Katharine_Alexander_phOn 13 October 2014, the Supreme Court heard the case of Al-Saud v Apex Global Management, which considered the appeal of various related interim orders stemming from a Saudi Prince’s refusal to comply with a personal signature order.


A company owned by HRH Prince Abdulaziz Bin Mishal Bin Abdulaziz Al Saud, a member of the Saudi Arabian royal family, and Apex Global Management Ltd set up a third company dealing in telecommunications in a joint venture. The joint venture ended on bad terms, and the Prince and Apex cross-petitioned each other seeking relief from the court against the unfairly prejudicial conduct of the third company’s affairs. Underlying claims included money laundering, misappropriation of funds and forgery of emails and conversation tapes.

In relation to these proceedings, on 31 July 2013, Vos J ordered that the parties sign various statements regarding disclosure. These included the Prince signing a witness statement providing details of the joint venture, which were seen as crucial to the main proceedings.

The Prince claimed that as a member of the Saudi Arabian royal family, he was bound by a protocol which prevented him from both signing court documents and from personally partaking in legal proceedings. The Prince asked Vos J to reconsider his order, but Vos J refused, claiming the Prince should have no special treatment in English litigation, and must be treated the same as all the other parties to the litigation.

Stemming from the Prince’s refusal to comply with the personal signature order, various interim applications were made by both Apex and the Prince between September and November 2013. The orders resulting from these applications were:

  1. an unless order for non-compliance with the personal signature order, stating that unless complied with, the Prince’s defence would be struck out (Norris J on 9 September 2013). As a result of non-compliance, the Prince’s defence was struck out;
  2. judgment in default for US$7.7 million plus costs following an application by Apex (Norris J on 14 October 2013);
  3. a refusal of the Prince’s request to vary the terms of the personal signature order (Mann J on 30 October 2013); and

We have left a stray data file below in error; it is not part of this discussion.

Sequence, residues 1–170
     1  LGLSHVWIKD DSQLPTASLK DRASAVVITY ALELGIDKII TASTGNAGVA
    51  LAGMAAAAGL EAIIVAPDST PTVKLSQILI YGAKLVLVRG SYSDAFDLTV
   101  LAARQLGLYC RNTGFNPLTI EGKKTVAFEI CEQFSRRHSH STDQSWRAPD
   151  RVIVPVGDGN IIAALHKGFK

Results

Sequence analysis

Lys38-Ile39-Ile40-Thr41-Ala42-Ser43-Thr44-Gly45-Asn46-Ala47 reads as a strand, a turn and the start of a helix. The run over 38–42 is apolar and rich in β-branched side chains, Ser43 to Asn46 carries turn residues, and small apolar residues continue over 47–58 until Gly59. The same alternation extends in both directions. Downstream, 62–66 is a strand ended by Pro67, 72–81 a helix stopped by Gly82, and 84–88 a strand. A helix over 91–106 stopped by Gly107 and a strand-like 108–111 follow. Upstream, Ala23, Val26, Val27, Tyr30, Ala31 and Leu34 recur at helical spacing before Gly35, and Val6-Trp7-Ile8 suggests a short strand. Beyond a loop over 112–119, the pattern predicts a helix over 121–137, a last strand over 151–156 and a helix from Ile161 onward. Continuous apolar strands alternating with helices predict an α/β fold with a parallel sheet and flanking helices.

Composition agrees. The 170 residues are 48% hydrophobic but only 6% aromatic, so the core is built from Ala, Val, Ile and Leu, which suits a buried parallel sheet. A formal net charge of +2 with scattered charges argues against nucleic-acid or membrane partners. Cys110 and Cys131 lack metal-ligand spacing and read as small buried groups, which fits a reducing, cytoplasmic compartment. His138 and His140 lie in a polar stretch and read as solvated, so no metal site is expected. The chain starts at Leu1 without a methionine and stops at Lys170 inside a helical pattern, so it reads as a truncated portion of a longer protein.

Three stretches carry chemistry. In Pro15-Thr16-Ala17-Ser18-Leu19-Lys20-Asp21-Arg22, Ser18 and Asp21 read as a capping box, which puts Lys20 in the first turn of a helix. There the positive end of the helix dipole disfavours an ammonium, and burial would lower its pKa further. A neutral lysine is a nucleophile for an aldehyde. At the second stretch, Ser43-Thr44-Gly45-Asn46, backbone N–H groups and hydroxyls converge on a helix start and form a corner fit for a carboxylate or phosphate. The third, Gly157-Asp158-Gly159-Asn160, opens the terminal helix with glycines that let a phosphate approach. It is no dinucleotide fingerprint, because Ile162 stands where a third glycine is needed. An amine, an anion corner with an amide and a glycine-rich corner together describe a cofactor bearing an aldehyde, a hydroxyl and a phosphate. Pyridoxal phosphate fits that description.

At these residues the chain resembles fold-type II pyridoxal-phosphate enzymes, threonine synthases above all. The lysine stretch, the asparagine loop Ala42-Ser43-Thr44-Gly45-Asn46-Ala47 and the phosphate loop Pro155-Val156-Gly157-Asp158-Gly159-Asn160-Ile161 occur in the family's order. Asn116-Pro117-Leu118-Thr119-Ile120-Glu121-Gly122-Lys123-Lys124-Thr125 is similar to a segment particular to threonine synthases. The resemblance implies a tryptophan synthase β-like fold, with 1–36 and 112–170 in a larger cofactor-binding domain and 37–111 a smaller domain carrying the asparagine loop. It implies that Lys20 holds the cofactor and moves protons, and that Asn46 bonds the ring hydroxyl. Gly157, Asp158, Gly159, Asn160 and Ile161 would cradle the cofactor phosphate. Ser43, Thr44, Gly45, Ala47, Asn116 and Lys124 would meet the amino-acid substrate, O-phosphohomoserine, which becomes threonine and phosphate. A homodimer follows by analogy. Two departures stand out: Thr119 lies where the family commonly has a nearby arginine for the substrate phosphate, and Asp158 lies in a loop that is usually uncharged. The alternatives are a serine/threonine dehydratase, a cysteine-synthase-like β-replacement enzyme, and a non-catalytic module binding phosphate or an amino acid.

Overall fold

4. the dismissal of the Prince’s application to stay the judgment, and for relief against sanctions (Mann J on 29 November 2013). Mann J perceived this as a hidden application to set aside the judgment.

Court of Appeal Decision

The Prince made consolidated appeals in relation to the above decisions at the Court of Appeal, claiming that the orders were wrongly made. The appeal was heard by Lady Justice Arden, Lord Justice McFarlane and Lord Justice McCombe. Lady Justice Arden gave the lead judgment, with which there was unanimous judicial consent.

With regard to the original order requiring the Prince’s personal signature, the Court of Appeal indicated that the court “should not lightly interfere”[1] with case management decisions. They also upheld Vos J’s argument that in English litigation, the parties should be treated the same, and the Prince “cannot simply assume he will have similar privileges”[2] as in the courts of his country. The Court of Appeal noted Vos J’s in-depth knowledge of the case and the importance of the disclosure process to the proceedings (for example: the communications which are accused of being forged). The Prince’s later attempt to claim a variation order failed due to a lack of change in circumstances between the time of Vos J’s initial order, and the time of application.

The Court of Appeal also upheld the unless order, rejecting the Prince’s argument that it was “disproportionate and draconian”[3] and confirming that a witness statement from the Prince’s legal representative would not be as valuable as one from the Prince himself, and would put Apex in a less favorable position that the Prince.

The judgment in default on Apex’s counterclaim against the Prince’s company was upheld, finding that Vos J has jurisdiction to enter judgment.

Finally, Lady Justice Arden dismissed the Prince’s application to stay the judgment. She too viewed it as a hidden application to set the judgment aside and stated that the Prince had “failed to comply with an order of the court and there is no reason why he should be relieved of the consequences of this”[4].

The Court of Appeal therefore dismissed all of the Prince’s appeals. As a result, the default judgment currently stands, awaiting Supreme Court judgment. It has been reported that Lord Neuberger, Lord Clarke and Lord Sumption granted permission to appeal to the Supreme Court on the condition that the US$7.7 million judgment sum was paid into the court by the Prince by 15 September 2014[5].

Appeal to the Supreme Court

Lord Neuberger, Lord Clarke, Lord Sumption, Lord Hughes and Lord Hodge heard the appeal on 13 October 2014. The facts present an interesting domino effect of orders, stemming from the Prince’s refusal to comply with Vos J’s personal signature order made on 31 July 2013 and Norris J’s unless order made on 9 September 2013. We await the Supreme Court’s judgment determining what approach the courts should take when deciding whether to stay a default judgment entered following breach of an unless order.



[1] HRH Prince Abdulaziz Bin Mishal Bin Abdulaziz Al Saud v Apex Global Management Limited, Faisal Abdel Hafiz Almhairat [2014] EWCA Civ 1106, paragraph 21

[2] Ibid, paragraph 32

[3] Ibid, paragraph 46

[4] Ibid, paragraph 83

[5] Irwin Mitchell and HowardKennedyFsi replaced on Saudi Prince Supreme Court Fight, The Lawyer, 9 September 2014